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Public transportation in our city is cheap and super easily accessible. Our kiddos come home from school by themselves on city buses most days. It’s totally normal to see a kid Hava’s age (8) on the bus alone or walking alone down the street. Hava and Seth can go to the store by themselves and get me a few grocery staples. No one bats an eye that my 6 year old is at the store by himself (unless he’s not dressed warmly enough..hehe). It’s AWESOME. I love it because I KNOW my kids can do it, and they feel so proud of themselves when they are successful.

The little store down the street from our house is an old Soviet type store where you have to go up to the counter and ask the cashier for what you want. The thing is, there aren’t really lines. Whichever customer is the quickest or loudest gets their voice heard first. ¬†Our Seth is super shy. The first time he went by himself to get me bread he must have been gone for more than 20 minutes. ¬†I kinda started to worry a bit, but I knew he was fine, so I just waited. When he finally came home I found out he had been too embarrassed to pipe up and ask for the bread so he just stood there and waited until the store was completely empty and the cashier finally asked him what he wanted. ūüôā ¬†But he learned that day and he was so proud of himself when he came home with the bread!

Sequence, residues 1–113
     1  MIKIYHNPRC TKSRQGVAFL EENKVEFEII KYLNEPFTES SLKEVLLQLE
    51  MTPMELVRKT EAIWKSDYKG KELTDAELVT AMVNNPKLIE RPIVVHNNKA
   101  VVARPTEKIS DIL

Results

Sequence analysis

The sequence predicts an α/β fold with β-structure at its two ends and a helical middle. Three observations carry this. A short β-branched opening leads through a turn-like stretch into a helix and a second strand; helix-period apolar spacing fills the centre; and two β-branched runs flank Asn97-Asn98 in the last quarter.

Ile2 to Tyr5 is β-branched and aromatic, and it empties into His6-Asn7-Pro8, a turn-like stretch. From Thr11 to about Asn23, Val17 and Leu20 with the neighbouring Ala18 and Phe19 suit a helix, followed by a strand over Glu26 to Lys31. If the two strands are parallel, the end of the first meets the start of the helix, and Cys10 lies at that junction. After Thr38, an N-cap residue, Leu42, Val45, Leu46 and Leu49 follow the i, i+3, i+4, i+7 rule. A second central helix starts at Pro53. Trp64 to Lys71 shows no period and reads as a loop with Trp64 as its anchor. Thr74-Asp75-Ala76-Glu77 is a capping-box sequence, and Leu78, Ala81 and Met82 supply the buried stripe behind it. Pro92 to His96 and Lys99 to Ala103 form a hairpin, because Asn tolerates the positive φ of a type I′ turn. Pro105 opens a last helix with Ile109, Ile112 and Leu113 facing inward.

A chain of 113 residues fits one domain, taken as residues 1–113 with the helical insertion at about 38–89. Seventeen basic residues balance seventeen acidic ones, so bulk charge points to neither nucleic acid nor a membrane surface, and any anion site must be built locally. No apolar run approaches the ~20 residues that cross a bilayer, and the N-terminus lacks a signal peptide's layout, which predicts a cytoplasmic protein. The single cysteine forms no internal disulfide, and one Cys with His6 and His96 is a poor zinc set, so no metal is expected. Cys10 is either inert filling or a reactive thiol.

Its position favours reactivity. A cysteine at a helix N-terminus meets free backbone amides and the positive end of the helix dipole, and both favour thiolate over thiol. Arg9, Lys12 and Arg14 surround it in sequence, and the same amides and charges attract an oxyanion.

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Our Addy is 13 and is off right now with two friends from school, out and about in the city. She took the bus to meet them and later they’ll find a bus that will take them to youth group. She has a cheap little phone that she uses to call me and let me know she’s okay. It’s AWESOME! ¬†She has learned which buses to use and how to get where she wants to go most places in the city. I’m so happy for her that she has that chance to be independent and I’m also happy that we don’t have to drive her all over town so she can see her friends! Ha!